Jigs produce crappie

The jig is then adorned with some type of plastic body or hairdressing. Marabou jigs have been popular ineffective for crappie fishing for a long time. Many anglers choose for soft plastic bodies for several reasons. They are inexpensive, effective, and it is very easy to change the colors and styles of the tails. Grubs come in many different styles and colors, and all of them will produce fish at one time or another.

The Blakemore Road Runner is a very productive lure for trolling in deeper water. It is basically a jig like described above except that it has a little spinner coming off the head. Many of Florida’s lakes are dark and tannin stained. The extra flash of the spinner can prove to be the difference between success and failure when trolling for crappie.

As it cools off in the fish move up to the bank, many anglers switch over to casting lures and live baits. The same jigs used for trolling work fine when cast and retrieved towards the bank and other likely fish holding structure. Crappie love submerged trees and downed timber. Tiny spinner baits such as the beetle spent work very well on crappie and other panfish. Tiny plugs will produce as well, and will normally catch larger fish.

Crappie fishing with live bait

Live bait is often used in the circumstances well. The number one live bait by far is a live minnow. Most tackle shops that service freshwater anglers keep these on hand. The Missouri minnow is commercially raised and is very hardy. A couple dozen will live just fine in a small bucket of water. Most anglers fish the minnow several feet under a bobber. Red worms and nightcrawlers will also produce crappie.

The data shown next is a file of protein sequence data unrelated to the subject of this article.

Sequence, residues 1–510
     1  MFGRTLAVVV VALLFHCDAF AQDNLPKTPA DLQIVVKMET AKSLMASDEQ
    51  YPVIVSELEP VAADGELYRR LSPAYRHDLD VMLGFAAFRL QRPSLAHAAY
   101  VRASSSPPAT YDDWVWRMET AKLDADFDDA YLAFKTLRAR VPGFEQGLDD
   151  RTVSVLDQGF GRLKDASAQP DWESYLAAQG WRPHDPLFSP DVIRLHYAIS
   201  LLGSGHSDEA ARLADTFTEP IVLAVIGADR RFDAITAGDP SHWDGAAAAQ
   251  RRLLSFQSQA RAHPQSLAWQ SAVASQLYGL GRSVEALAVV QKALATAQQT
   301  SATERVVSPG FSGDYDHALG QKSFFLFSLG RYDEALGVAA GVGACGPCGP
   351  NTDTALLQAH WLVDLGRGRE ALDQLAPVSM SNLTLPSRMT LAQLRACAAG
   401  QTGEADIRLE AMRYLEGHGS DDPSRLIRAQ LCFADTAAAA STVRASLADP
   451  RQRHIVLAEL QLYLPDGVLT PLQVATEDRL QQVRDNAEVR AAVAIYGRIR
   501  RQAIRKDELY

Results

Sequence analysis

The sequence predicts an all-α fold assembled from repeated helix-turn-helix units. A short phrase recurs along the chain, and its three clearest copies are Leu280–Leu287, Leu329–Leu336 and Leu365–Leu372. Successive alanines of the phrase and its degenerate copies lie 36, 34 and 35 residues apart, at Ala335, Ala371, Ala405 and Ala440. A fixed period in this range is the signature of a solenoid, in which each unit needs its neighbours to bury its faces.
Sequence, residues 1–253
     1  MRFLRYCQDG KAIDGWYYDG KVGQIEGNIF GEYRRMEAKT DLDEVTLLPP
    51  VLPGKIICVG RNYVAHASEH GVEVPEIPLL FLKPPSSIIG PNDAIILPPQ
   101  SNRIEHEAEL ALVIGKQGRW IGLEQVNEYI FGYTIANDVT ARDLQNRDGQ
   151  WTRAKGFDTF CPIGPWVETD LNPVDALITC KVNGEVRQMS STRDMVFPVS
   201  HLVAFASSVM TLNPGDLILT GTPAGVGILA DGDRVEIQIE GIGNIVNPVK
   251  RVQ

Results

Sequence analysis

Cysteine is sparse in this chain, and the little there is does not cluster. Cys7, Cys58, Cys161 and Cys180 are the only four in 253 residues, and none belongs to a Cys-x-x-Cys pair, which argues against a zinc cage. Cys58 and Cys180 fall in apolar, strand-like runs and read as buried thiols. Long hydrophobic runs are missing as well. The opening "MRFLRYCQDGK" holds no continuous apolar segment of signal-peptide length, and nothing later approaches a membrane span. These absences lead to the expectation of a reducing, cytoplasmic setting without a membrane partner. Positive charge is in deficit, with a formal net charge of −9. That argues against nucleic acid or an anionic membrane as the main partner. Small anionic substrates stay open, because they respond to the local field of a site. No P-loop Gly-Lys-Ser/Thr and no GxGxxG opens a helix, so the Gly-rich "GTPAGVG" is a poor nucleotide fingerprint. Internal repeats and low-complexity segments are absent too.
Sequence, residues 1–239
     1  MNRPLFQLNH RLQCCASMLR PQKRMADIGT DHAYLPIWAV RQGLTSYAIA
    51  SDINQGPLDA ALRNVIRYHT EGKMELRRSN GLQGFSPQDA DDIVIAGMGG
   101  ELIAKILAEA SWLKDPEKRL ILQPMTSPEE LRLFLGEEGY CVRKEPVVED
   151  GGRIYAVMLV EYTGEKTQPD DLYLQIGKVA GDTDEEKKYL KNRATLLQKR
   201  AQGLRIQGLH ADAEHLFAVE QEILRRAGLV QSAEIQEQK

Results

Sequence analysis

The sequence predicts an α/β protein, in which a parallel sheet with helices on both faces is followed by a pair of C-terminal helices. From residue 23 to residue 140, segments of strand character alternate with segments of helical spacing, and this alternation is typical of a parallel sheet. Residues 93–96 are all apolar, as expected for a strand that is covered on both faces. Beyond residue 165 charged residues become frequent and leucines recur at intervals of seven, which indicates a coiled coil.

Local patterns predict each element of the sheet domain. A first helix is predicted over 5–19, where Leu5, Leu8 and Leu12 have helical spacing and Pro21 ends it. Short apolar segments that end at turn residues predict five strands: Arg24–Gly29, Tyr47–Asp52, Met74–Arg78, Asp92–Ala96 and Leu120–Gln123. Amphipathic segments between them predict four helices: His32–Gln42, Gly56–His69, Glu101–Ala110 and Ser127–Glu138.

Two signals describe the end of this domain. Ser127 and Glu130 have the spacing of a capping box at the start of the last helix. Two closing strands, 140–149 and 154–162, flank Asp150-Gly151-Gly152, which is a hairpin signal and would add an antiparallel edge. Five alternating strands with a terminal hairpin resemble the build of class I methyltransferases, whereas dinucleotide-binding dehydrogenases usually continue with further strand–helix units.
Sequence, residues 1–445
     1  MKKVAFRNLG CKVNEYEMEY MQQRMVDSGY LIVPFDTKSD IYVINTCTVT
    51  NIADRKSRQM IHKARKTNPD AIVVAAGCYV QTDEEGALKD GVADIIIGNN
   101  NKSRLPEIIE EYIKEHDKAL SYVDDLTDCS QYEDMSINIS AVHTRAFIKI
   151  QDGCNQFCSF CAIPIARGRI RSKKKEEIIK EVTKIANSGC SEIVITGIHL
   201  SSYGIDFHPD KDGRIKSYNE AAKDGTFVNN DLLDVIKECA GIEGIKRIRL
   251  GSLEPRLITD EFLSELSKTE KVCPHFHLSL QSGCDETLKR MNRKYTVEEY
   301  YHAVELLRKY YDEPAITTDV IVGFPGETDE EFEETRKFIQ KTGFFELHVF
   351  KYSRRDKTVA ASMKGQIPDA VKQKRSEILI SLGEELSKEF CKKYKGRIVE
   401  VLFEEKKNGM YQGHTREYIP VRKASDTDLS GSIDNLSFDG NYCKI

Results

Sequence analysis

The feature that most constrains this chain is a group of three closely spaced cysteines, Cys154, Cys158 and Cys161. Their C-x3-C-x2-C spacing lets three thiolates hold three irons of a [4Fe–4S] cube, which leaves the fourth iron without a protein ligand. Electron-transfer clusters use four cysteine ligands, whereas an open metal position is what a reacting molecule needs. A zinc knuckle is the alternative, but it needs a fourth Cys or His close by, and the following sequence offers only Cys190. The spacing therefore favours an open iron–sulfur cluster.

Anglers can still troll when crappie move into the banks. In fact, this is a terrific way to locate a school of fish. Since the water will be shallower, very light jigs, small spinner baits, and tiny plugs are the best choice. As with the deep water trolling, once a school of fish is located anglers should turn back around and fish that area thoroughly.

Crappie are a very mild flavored fish with white flesh. They are fantastic eating! During these periods when crappie school up, it is easy to catch a bunch in a few hours of fishing. While they do freeze well, I encourage anglers to be judicious in the size and number of fish that they keep. I personally let the very big ones go and of course the smaller ones as well, keeping the chunky fish and the tenants to 12 inch range to eat.

Best Florida crappie fishing lakes

Lake Okeechobee

Lake Okeechobee is world-renowned for its bass fishing, but offers anglers excellent crappie fishing as well. Winter and early spring are the prime times to target crappie in Lake Okeechobee. While any part of the lake can be productive, many anglers focus on the north end where the Kissimmee River comes in. Vegetation is the primary cover and anglers will do well to move around until fish are located.

Lake Arbuckle

Lake Arbuckle is a 3800 acre lake in Polk County. It is a very productive lake for crappie year-round. There are three deeper basins in the lake which tend to concentrate crappie. As in most Florida lakes, trolling is productive in the cooler months while anglers target fish in the shallower grass in the spring. There is a park, but ramp and campground there. The area is gated, so anglers fishing early and late would do best to call ahead. The phone number is 863-534-4340.